One of the primary stops in Bolivia for moto travelers is the North Yungas Road, aka the Bolivian Death Road. The funny part is that most moto travelers who ride the road go on to say that it is about the same as many other Andean roads, if not a bit less scary, but it still makes it on to most people's to-do list. In general, we agree with the review - that it isn't necessarily the scariest stretch of road we've seen - but are extremely glad we took that route because the few days we spent riding through the Yungas region after that were well worth it!
(back on the bike in La Paz)
(some light traffic)
(checkpoint on the way out of La Paz. Mark showed his driver's license and it was good enough for us, too. Then the toll booth (background) waved us on through, just as they had been doing on the way into La Paz. In fact, all toll booths did the same until we were between uyuni and Potosi, but more on that next post...)
As we were climbing out of La Paz, the TA was running rough. Symptoms pointed to a very rich condition, especially at wide open throttle. The fuel/air mixture adjustments made in La Paz (and once already on the way out of town) weren't going to help that. And neither was the elevation:
So the air filter was the next spot to check. Woowwweeee! That sucker was clogged. Mike knew that it was nearing the end of its life, but the panty hose prefilters had been doing alright as long as they were replaced frequently. Mike had blown out the air filter with compressed air in Arequipa and put on a new prefilter. The prefilter was a different stock than what we had been running before (they don't label pantyhose in any way that makes sense for motorcycle applications - feel free to discuss the airflow capabilities of sheer vs nude at your next dinner party. And people in the store look at you like you're a nut job when you hold the sample pantyhose pieces up to your mouth to breathe through them) and did not do as hot. I heckled Mark then too, saying that he kicked up too much dust. Whatever the background, the air filter was clogged. At least without the prefilter on, she could keep up fairly well (although Mark would likely disagree with this point also ;).
(taking out the panty hose prefilter)
Back moving again, the major highway was in great condition and was a fun ride!
(a quick stop at the anti-Narcotrafficking Control point, but basically waved through. They don't care about coca leaves here. They would have to stop 95% of the traffic. It's other stuff that they're looking for.)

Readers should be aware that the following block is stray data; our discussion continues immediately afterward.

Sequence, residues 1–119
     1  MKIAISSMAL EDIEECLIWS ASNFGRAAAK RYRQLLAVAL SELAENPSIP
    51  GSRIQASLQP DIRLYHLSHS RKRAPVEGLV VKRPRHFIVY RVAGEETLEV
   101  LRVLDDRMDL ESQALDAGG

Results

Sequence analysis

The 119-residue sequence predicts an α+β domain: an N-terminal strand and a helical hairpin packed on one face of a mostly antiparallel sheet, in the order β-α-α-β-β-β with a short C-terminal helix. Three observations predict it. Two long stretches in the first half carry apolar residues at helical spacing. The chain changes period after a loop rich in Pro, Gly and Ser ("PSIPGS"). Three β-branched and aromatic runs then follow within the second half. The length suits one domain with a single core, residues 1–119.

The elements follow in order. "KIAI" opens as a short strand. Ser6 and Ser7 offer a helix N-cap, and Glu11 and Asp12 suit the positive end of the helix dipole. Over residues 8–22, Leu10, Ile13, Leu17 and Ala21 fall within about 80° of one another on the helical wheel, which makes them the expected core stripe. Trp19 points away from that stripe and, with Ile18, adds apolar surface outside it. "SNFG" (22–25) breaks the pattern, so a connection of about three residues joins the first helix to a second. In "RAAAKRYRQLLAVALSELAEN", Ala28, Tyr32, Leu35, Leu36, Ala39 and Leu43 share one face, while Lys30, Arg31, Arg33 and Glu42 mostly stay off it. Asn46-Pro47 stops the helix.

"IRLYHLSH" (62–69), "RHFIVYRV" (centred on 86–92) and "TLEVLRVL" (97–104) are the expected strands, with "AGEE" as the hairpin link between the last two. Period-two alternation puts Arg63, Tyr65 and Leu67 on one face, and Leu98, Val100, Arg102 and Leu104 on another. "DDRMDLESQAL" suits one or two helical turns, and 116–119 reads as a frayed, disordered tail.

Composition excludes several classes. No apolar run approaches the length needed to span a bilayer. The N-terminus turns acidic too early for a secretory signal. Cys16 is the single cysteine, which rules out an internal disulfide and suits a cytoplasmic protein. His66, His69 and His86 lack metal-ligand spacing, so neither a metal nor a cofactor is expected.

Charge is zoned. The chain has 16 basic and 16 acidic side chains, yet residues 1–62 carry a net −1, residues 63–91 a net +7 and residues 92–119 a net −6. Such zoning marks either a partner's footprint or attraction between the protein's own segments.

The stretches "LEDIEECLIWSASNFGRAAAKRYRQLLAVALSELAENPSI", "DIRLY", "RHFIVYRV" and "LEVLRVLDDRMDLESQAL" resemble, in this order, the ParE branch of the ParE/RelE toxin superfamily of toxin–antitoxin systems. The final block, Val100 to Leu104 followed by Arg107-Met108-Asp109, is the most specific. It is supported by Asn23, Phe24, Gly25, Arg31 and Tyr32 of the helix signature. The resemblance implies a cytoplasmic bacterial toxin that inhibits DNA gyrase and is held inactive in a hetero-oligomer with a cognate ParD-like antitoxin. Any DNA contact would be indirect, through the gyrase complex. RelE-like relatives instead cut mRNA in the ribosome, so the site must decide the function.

(last stop before turning off on the North Yungas Road. She gave us a price somewhere in the middle of the gas prices. It wasn't 3.74 Bs/L as shown, nor was it 9.22 Bs/L as it's supposed to be for foreigners. So we got a good deal, and she got a good tip)
(Warning sign at the entrance to the Death Road. The rule of the road was to yield way to the fully loaded mining trucks heading up the hill, also letting them have the hillside-line. So you were supposed to stay on the cliff side heading this direction (down). Rumor is also that that lets the driver side of the vehicle be on the cliff edge so the driver can see the exact moment in time when his wheel has just gone off the cliff)
The North Yungas Road, or Death Road, got its name back when there was a lot of traffic on the road and accidents were common. It was even named the World's Most Dangerous Road by the Inter American Development Bank back in the mid-90's (wikipedia taught me that). But now there is a paved highway that parallels this road on the other side of the valley. So it's not nearly so death-y after all. especially without any traffic. But there are a ton of mountain bikers. It's a huge tourist attraction promoted in La Paz.
(on the Death Road)
(lots of groups of bikers, but usually fairly easy to get around...)
(...unless they fall over. Then it's harder)
(Mark on the Road of Death)
(Mark with a thumbs up on top of a cliff)
After the 60km stretch of the Death Road, we ended up pulling into Coroico. That little town was a sweet spot, with a couple of really nice hostel options, and a pleasant plaza. Oh yeah, before we got all the way down the valley, there was a lady collecting money to pass. She wanted 30Bs (US$4) per bike. That's excessive! So Mike argued with her, causing a machista tour guide to come over and add to the discussion, eventually having Jill ready to just drop the rope and go on through. Mark is much more polite than us, and offered to pay the 30Bs since she said it was for the maintenance workers on the road (which there were a few of, it would have been nice to stop and ask who paid them...). We asked her to let us both go for 30 Bs since we had 4 wheels, same as a car. She didn't want to do it, but had already dropped the rope so we went, owing Mark 15Bs. We hadn't heard of others having to pay this toll, it may have had to do with our bad timing. A casual departure and stops for the TA caused us to arrive at this point right when all of the bike tours did too. Whatever. It happened. Back to Coroico now, which was much cooler than that stop...